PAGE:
Editor Interview: Arroyo Literary Review

Q: Describe what you publish in 25 characters or less.

A: SF Bay Area (and beyond!)

Christopher Morgan, Editor-in-Chief on 30 July 2013 Read other answers to this question

Q: What other current publications (or publishers) do you admire most?

A: There are so many magazines today producing quality work. My favorites, though, are:
Tin House, Zyzzyva, Gargoyle, Ploughshares, Fourteen Hills, Switchback, Bartleby Snopes, 32 Poems, 580 Split, A cappella Zoo, AGNI, The Atlantic, Bat City Review, Beloit Poetry Journal, Black Warrior Review, Cimarron Review, Crazyhorse, Cream City Review, decomP, Devil's Lake, DIAGRAM, diode poetry journal, DOGZPLOT, failbetter.com, Faultline, Ghost Town, Granta, Gulf Coast, Harper's, Hayden's Ferry Review, The Los Angeles Review, McSweeney's Internet Tendency, New Ohio Review, New South, Ninth Letter, The Normal School, One Story, Orion Magazine, PANK, Permafrost, Pleiades, Prairie Schooner, Rattle, Rhino, The Rumpus, theNewerYork, Salamander, Sixth Finch, Sonora Review, Superstition Review, Thin Air, Third Coast, THRUSH, and Word Riot.

Christopher Morgan, Editor-in-Chief on 23 August 2013 Read other answers to this question

Q: What sets your publication apart from others that publish similar material?

A: Arroyo is proud to represent the San Francisco Bay Area and West Coast, but our tastes are by no means limited by region. We have a passion for diversity in voice, subject matter, and style, plus we work hard to include both new and established writers. Each issue features an interview, poetry, translations, as well as short and long fiction (we pride ourselves on accepting longer pieces in this age of Get-In-and-Get-Out).

Christopher Morgan, Editor-in-Chief on 23 August 2013 Read other answers to this question

Q: What is the best advice you can give people who are considering submitting work to your publication?

A: Every interview says this: please read the submission guidelines posted on our website. We also feature a handful of pieces from the previous issue on the front page, which should give readers a better idea what we're interested in.
Also, as several other editors have said, I'd much rather be confused than bored. Leave the same-old, same-old on your USB, and send over the good stuff!

Christopher Morgan, Editor-in-Chief on 23 August 2013 Read other answers to this question

Q: Describe the ideal submission.

A: The writer acknowledges the proper genre editor, submitting work that's both meaningful and unique. Their cover letter is succinct (letting the actual work do the talking), and their full contact information is provided for response (it's frustrating to find something you love, only to have no means of reaching the person).

Christopher Morgan, Editor-in-Chief on 23 August 2013 Read other answers to this question

Q: What do submitters most often get wrong about your submissions process?

A: Generally our submitters do well, though we still get the following now and then:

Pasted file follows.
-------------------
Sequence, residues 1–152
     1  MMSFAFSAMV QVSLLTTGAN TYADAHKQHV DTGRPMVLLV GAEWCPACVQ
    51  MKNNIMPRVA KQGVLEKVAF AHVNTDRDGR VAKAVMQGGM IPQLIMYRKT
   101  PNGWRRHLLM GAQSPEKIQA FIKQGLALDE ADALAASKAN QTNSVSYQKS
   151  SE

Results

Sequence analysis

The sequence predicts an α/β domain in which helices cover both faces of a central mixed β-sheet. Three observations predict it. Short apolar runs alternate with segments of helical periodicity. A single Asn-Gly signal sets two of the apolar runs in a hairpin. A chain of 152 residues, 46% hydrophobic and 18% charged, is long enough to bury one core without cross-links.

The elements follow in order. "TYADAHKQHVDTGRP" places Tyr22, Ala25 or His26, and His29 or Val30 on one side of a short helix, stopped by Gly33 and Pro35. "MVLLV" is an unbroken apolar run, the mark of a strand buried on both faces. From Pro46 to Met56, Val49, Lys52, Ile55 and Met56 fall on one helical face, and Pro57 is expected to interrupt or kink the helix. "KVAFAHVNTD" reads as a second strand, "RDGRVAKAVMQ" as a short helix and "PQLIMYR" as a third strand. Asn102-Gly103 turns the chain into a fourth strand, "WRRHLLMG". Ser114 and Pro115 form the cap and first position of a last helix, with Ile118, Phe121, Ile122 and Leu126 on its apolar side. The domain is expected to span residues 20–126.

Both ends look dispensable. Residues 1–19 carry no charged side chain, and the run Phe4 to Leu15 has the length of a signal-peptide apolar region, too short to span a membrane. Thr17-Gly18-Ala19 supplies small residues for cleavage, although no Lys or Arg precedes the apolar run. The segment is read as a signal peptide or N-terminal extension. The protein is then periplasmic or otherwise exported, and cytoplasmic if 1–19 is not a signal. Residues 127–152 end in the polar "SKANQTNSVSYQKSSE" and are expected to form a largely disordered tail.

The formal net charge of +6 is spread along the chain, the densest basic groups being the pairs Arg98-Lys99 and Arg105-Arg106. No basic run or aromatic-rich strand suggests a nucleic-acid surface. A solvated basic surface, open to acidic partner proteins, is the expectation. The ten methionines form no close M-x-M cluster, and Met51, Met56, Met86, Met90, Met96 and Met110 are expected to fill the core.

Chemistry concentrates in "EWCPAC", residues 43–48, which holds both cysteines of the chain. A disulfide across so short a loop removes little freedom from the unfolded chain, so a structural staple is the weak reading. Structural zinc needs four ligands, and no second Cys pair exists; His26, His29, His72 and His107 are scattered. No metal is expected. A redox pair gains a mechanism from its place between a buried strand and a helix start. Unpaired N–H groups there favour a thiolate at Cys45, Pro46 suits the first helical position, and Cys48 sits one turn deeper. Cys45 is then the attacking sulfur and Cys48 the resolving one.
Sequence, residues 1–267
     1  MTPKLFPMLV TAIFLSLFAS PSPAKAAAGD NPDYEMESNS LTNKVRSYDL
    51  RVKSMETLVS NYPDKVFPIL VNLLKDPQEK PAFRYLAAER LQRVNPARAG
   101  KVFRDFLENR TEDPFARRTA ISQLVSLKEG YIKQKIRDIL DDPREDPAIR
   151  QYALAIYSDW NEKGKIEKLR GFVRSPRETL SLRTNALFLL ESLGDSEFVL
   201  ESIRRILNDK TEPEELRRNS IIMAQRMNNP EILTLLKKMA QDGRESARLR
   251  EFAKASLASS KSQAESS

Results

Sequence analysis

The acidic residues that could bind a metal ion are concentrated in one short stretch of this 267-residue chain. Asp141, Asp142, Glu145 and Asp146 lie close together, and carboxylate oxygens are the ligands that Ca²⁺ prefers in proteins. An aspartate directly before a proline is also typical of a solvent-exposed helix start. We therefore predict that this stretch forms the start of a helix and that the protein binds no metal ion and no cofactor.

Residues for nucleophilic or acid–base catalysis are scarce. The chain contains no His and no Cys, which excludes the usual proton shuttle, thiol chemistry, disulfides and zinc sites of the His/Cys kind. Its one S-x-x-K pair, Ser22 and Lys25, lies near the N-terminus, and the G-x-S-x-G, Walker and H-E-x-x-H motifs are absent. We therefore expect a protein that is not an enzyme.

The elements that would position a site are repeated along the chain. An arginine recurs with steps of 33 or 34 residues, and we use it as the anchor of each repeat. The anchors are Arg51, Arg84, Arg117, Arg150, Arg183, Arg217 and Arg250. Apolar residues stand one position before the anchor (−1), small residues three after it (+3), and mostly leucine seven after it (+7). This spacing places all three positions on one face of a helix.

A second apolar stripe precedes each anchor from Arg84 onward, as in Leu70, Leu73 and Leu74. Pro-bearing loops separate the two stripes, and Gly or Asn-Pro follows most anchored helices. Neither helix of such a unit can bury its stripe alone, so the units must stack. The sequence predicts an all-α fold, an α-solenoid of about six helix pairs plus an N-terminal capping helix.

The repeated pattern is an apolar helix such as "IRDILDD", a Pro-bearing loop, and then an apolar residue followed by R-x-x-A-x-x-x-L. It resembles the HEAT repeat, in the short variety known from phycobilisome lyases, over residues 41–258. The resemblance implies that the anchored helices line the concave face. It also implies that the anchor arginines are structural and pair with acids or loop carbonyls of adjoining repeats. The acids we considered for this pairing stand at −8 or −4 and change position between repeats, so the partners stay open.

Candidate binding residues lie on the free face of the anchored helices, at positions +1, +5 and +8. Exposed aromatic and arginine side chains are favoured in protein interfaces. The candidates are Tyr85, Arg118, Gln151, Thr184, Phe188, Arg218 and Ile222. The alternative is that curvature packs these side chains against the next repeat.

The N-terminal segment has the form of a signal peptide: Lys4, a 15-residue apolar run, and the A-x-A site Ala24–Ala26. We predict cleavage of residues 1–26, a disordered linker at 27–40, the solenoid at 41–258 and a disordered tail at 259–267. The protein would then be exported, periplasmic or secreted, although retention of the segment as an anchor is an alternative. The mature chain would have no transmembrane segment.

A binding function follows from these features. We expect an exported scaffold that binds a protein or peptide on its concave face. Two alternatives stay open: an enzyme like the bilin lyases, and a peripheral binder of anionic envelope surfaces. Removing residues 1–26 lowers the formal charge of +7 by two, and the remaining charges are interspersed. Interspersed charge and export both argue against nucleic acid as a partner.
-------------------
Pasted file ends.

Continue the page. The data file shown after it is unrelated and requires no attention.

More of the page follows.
way too many poems (our limit is 5, but somebody might send along +10), no stamps (or even a SASE!), work with nothing at stake or no emotional connection, typos (we're not sticklers, but you really shoot yourself in the foot with mistakes on your opening page), and not getting back to us with withdrawals for simultaneous submissions.

Christopher Morgan, Editor-in-Chief on 23 August 2013 Read other answers to this question

Q: How much do you want to know about the person submitting to you?

A: While the cover letter definitely forms some initial impressions, I'm proud that our team looks beyond this, focusing more upon the work itself. Previous publications are noted, but by no means a requirement for acceptance (we take experienced and new talent, alike). We're fine to check out anything interesting you have to say, but please keep it to a paragraph. Also, business cards and postcards are not encouraged. Less is more.

Christopher Morgan, Editor-in-Chief on 23 August 2013 Read other answers to this question

Q: If you publish writing, how much of a piece do you read before making the decision to reject it?

A: Every submission gets read by several staff members before reaching their respective genre editor, who reviews the piece all the way through--most of the MSS I consider as Editor have already been read by at least 3 other readers. That said, it's easy to tell in the first few pages when a poetry MS or story isn't going anywhere. If I'm uninterested by the opening, I'm inclined to believe Arroyo's readers wouldn't feel differently...

Christopher Morgan, Editor-in-Chief on 23 August 2013 Read other answers to this question

Q: How important do you feel it is for publishers to embrace modern technologies?

A: While print magazines aren't going anywhere, the game's definitely changing. It would be foolish for magazines to ignore services like Twitter, Tumblr, and Facebook, all which offer so much reach to the readers of this age.

Christopher Morgan, Editor-in-Chief on 23 August 2013 Read other answers to this question